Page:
s the weather in South Africa warms and winter passes into spring, spare a moment for the unsung heros of your garden that make sure your beautiful decorative and edible plants are pollinated and reproducing. Birds, butterflies and bees and other pollinators are vital components to any healthy ecosystem and your garden is no exception. Pollinators aren’t just important for your garden’s health- they also play a vital role in our international food system, and studies have shown that these often overlooked animals are responsible for one out of every three bites you eat. However, pollinators are under international threat from a variety of angles including suffering from pests and diseases, pollution, loss of habitat and a scarcity of forage resources. Honeybees are responsible for the pollination of deciduous fruit, vegetables and oilseed crops and often rely on naturally occurring vegetation or landscaped areas to access pollen during times of drought and season change. They require a diverse diet to stay healthy and are increasingly put under pressure by urban spread, loss of natural vegetation and large-scale monoculture agriculture. Different bee species prefer different plant species. Some bees prefer simple flowers with easily accessible pollen, while others, like bumble bees, tend to prefer larger and more complicated flowers. Hummingbirds and sugarbirds rely on nectar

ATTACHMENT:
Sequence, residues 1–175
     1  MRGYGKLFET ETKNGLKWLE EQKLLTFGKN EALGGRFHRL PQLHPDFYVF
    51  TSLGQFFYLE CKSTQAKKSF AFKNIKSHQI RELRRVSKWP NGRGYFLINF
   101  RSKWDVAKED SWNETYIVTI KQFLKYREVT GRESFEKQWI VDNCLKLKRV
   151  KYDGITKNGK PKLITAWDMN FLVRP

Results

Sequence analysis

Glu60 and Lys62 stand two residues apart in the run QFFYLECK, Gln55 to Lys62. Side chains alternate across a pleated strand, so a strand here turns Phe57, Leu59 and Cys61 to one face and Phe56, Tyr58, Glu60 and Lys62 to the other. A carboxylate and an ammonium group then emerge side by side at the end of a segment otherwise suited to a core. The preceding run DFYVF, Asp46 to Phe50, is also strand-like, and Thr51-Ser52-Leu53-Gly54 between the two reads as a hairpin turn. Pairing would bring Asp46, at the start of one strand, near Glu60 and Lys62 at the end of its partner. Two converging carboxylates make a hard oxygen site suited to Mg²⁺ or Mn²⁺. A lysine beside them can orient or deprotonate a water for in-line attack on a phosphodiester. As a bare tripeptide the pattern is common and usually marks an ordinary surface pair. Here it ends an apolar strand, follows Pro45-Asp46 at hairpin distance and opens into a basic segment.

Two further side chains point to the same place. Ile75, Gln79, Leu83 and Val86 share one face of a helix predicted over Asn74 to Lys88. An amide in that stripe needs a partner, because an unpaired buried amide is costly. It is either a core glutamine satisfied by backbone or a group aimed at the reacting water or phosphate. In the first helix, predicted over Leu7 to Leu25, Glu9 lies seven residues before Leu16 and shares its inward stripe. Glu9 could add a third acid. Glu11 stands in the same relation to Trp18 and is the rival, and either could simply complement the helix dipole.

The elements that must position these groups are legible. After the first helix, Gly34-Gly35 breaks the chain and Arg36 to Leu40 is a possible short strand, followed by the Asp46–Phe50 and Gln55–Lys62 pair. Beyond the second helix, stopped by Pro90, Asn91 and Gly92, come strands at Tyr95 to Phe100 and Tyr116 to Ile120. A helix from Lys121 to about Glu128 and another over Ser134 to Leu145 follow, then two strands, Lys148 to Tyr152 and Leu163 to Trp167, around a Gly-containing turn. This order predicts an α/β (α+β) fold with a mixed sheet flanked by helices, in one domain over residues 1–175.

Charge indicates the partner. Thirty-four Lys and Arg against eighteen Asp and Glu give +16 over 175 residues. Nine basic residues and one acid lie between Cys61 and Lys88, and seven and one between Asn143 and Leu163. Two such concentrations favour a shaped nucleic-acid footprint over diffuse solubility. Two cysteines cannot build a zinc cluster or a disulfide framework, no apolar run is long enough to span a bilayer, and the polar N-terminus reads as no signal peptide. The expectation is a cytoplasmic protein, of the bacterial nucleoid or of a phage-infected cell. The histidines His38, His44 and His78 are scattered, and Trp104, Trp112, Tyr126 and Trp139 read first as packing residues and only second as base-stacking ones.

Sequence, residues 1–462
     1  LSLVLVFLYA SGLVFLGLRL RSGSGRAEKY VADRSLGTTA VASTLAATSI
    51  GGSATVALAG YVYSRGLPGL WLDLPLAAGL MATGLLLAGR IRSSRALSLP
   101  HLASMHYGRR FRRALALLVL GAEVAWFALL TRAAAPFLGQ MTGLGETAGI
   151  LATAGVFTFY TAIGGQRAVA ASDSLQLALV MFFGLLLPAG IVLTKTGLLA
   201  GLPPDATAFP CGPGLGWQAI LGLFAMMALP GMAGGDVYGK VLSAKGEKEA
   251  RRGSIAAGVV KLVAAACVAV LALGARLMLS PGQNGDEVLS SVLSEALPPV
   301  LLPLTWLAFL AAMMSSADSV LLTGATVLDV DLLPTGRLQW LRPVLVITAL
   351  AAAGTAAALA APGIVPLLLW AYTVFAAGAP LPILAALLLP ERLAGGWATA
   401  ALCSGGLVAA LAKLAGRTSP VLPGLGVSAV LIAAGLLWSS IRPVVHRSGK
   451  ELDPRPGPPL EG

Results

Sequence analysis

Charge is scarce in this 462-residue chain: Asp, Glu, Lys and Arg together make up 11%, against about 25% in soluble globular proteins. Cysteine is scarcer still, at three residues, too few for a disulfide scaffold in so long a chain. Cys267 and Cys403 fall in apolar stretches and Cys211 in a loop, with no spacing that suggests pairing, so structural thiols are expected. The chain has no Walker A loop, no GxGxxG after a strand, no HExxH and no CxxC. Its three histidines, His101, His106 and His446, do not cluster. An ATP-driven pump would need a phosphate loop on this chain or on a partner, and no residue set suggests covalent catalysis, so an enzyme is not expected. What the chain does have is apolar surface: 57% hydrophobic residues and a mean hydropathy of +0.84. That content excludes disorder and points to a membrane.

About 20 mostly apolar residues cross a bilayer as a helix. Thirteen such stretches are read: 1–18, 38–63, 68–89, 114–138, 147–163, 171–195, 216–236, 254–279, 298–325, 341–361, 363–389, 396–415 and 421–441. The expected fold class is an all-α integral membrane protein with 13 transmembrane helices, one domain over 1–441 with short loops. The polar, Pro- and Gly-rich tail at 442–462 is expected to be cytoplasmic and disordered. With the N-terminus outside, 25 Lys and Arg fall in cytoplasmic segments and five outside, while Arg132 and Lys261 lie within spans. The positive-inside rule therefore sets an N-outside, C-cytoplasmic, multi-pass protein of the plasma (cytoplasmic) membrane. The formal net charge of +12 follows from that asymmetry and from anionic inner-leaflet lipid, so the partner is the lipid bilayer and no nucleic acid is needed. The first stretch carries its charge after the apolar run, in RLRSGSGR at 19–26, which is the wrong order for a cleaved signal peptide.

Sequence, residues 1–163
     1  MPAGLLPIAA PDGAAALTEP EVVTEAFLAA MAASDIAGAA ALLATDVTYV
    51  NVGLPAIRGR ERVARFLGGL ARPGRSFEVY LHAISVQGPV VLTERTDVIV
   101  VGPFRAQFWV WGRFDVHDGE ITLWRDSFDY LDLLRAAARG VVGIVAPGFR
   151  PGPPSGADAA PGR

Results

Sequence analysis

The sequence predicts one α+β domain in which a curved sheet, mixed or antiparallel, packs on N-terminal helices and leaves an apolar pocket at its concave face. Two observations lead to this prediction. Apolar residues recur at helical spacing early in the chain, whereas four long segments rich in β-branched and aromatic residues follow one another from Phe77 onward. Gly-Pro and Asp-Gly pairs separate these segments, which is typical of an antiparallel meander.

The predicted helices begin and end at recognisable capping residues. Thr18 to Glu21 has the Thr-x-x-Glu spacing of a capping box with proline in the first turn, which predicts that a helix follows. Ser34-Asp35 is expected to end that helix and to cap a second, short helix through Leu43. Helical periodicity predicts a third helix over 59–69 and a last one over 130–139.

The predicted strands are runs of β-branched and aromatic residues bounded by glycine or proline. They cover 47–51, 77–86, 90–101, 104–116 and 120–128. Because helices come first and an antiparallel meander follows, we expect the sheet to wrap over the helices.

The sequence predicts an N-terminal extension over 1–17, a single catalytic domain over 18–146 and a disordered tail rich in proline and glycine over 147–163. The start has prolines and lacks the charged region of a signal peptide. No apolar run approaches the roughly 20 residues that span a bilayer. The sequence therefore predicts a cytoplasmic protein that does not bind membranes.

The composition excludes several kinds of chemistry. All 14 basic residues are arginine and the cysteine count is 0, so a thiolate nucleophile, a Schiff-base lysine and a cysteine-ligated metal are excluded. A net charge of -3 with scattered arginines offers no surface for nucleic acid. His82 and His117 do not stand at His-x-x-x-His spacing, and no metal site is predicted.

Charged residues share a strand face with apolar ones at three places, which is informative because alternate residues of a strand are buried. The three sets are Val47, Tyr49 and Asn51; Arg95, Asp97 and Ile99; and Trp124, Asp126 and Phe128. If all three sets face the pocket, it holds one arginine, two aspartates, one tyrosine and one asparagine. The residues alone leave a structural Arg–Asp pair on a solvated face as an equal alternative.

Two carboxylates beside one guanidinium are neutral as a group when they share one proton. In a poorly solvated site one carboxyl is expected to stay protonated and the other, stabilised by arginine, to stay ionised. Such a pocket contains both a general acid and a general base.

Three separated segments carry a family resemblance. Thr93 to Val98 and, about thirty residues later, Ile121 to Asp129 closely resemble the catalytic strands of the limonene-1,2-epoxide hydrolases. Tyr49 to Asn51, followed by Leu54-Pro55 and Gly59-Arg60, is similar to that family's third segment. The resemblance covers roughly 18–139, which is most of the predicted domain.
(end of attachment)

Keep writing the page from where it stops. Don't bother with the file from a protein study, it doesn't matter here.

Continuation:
from flowers for their survival and often have very short ranges, requiring regular access to appropriate flowering plants that can give them enough energy to move onto the next plant. Flowers appropriate for hummingbirds and sugarbirds have evolved long tubular shapes, perfectly suited for pollination by bird’s elongated beak. Butterflies prefer composite flowers with small tubular flowers surrounded by petals, like a daisy or other similar flowering plant. The petals allow for a safe place for the butterflies to land on while they feed and the small tubular flowers enable the butterfly to reach the pollen with it’s long proboscis.

Plant a pollinator friendly garden this spring Planting a pollinator friendly garden is a great way to support local wildlife while adding beauty and diversity to your garden at the same time. Spring is a great time to get started with your pollinator garden, and you can have a beautiful and supportive ‘island’ of pollinator plants, regardless of the space available to you. Even balcony gardens can offer a small but important space for pollinators to feed and rest before continuing with their journey through the urban landscape. As spring arrives in your garden this year, put a bit of time into providing habitat and food for your local pollinators and you’ll reap the rewards of their presence in your garden.